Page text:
Results

1. Recapture rates with synthetic pheromone sources

Using synthetic pheromone lures, recapture rates of L. botrana and E. ambiguella, respectively, did not differ significantly between elevated and ambient atmospheric CO2 concentrations in the VineyardFACE facility (Figure 3). During the first-generation flight period, the highest recapture rates of males were obtained in areas without mating disruption (‘external control_MD-’; Figure 3; A: χ2= 57.5, p < 0.0001, B: χ2= 40.4, p < 0.0001). They were significantly higher than the recapture rates in the MD-treated VineyardFACE facility and the external control_MD+. Recapture rates did not differ significantly between the MD-treated VineyardFACE facility and the external control_MD+. During the second-generation flight periods highest recapture rates of males were obtained in areas without mating disruption (‘external control_MD-’; Figure 3 C: χ2= 29.7, p < 0.0001), D: χ2= 51.2, p < 0.0001). They were significantly higher than the recapture rates in the MD-treated VineyardFACE facility but not than those obtained in the external control_MD+. Regarding both E. ambiguella and L. botrana, recapture rates were not significantly different between the MD-treated (‘external control_MD+’) and not treated (‘external control_MD-’;) external control areas.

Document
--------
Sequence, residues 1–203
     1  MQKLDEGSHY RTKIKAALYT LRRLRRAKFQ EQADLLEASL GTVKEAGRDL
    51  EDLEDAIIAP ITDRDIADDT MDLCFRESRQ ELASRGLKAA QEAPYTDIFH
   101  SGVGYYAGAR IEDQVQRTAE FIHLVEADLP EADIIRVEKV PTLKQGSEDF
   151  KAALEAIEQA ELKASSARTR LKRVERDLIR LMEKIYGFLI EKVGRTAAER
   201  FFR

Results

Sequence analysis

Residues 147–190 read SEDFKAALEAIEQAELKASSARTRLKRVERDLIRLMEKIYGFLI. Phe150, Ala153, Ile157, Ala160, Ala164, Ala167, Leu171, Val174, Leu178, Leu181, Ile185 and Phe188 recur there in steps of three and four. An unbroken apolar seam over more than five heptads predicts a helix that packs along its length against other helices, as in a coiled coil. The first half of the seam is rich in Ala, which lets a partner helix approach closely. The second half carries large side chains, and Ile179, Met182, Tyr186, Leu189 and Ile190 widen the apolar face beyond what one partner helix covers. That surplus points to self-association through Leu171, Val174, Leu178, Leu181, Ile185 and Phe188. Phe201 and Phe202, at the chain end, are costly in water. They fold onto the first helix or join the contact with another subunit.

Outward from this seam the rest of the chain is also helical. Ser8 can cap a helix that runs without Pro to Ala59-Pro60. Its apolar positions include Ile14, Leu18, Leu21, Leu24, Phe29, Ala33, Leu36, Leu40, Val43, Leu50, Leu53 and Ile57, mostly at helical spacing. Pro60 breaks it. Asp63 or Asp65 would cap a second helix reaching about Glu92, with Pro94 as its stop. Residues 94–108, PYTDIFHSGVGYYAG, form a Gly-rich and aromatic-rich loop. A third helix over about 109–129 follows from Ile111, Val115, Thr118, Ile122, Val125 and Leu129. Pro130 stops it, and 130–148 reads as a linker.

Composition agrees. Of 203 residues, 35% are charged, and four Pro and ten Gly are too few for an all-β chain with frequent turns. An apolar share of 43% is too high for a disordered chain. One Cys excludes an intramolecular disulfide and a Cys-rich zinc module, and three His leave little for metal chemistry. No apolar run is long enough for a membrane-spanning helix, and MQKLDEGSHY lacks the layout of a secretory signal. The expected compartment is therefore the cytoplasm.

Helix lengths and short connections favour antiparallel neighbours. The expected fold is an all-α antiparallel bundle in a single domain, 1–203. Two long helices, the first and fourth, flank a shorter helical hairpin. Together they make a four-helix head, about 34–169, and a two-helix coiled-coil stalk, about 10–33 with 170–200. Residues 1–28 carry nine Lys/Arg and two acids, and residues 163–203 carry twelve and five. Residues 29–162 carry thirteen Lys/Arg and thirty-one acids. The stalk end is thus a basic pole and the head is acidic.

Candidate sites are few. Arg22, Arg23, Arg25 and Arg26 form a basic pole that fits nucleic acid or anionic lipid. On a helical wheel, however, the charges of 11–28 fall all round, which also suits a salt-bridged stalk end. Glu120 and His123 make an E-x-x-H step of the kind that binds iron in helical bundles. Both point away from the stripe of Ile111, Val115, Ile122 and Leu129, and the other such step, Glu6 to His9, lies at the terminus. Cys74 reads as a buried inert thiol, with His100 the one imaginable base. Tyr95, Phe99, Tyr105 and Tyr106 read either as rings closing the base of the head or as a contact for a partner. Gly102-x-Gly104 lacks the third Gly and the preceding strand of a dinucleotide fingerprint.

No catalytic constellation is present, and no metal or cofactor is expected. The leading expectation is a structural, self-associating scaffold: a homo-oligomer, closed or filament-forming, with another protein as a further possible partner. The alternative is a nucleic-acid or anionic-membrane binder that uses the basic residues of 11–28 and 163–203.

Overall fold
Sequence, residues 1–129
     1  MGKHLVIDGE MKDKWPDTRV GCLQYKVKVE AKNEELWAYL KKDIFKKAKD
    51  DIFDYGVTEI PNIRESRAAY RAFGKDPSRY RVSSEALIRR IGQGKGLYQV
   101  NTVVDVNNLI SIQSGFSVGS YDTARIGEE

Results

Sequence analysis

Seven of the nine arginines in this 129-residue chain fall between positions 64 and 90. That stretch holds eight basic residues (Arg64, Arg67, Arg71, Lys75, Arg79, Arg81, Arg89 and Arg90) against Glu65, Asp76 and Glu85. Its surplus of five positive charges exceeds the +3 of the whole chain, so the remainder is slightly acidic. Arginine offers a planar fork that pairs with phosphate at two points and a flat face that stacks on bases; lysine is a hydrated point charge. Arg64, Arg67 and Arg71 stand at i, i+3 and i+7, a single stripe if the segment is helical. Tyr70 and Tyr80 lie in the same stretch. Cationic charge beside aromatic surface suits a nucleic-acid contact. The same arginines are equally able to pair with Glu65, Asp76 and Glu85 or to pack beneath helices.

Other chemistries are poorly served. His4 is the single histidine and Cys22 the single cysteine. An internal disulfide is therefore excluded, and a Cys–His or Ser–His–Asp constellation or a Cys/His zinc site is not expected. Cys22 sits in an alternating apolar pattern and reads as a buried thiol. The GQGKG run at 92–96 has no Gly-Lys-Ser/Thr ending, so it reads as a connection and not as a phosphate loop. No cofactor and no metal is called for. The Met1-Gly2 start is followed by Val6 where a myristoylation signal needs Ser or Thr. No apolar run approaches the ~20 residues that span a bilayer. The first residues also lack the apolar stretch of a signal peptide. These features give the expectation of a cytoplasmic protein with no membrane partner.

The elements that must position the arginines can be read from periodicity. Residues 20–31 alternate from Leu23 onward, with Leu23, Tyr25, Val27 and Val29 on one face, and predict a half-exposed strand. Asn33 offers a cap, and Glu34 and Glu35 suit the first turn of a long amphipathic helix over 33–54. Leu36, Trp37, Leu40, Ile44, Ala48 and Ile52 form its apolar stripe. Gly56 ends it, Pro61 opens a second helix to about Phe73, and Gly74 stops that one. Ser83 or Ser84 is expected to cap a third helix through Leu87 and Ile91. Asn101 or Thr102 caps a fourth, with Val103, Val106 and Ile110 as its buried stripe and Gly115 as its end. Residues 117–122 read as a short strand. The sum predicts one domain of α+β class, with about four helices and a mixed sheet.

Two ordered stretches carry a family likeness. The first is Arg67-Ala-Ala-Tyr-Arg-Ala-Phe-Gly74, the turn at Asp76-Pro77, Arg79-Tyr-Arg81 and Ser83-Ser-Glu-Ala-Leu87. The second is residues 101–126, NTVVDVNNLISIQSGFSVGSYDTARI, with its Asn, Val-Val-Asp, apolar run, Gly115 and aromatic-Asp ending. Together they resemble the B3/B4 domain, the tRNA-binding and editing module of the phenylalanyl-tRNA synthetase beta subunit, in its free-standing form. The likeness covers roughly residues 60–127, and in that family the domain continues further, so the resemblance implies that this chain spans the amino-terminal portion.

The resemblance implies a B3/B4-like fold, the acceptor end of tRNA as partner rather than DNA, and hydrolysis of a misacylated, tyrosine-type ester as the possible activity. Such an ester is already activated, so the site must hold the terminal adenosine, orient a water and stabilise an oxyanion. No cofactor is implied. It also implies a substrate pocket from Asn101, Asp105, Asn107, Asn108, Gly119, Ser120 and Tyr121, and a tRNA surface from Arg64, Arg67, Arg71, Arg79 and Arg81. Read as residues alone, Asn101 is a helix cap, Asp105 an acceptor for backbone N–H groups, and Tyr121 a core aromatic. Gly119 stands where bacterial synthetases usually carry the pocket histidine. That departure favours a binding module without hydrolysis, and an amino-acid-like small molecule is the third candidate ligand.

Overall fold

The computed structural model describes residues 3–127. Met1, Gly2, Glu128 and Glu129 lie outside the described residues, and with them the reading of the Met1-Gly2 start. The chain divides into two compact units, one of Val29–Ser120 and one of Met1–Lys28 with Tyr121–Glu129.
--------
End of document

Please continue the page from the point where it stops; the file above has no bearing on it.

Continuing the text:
2. Recapture rates with female moths as pheromone sources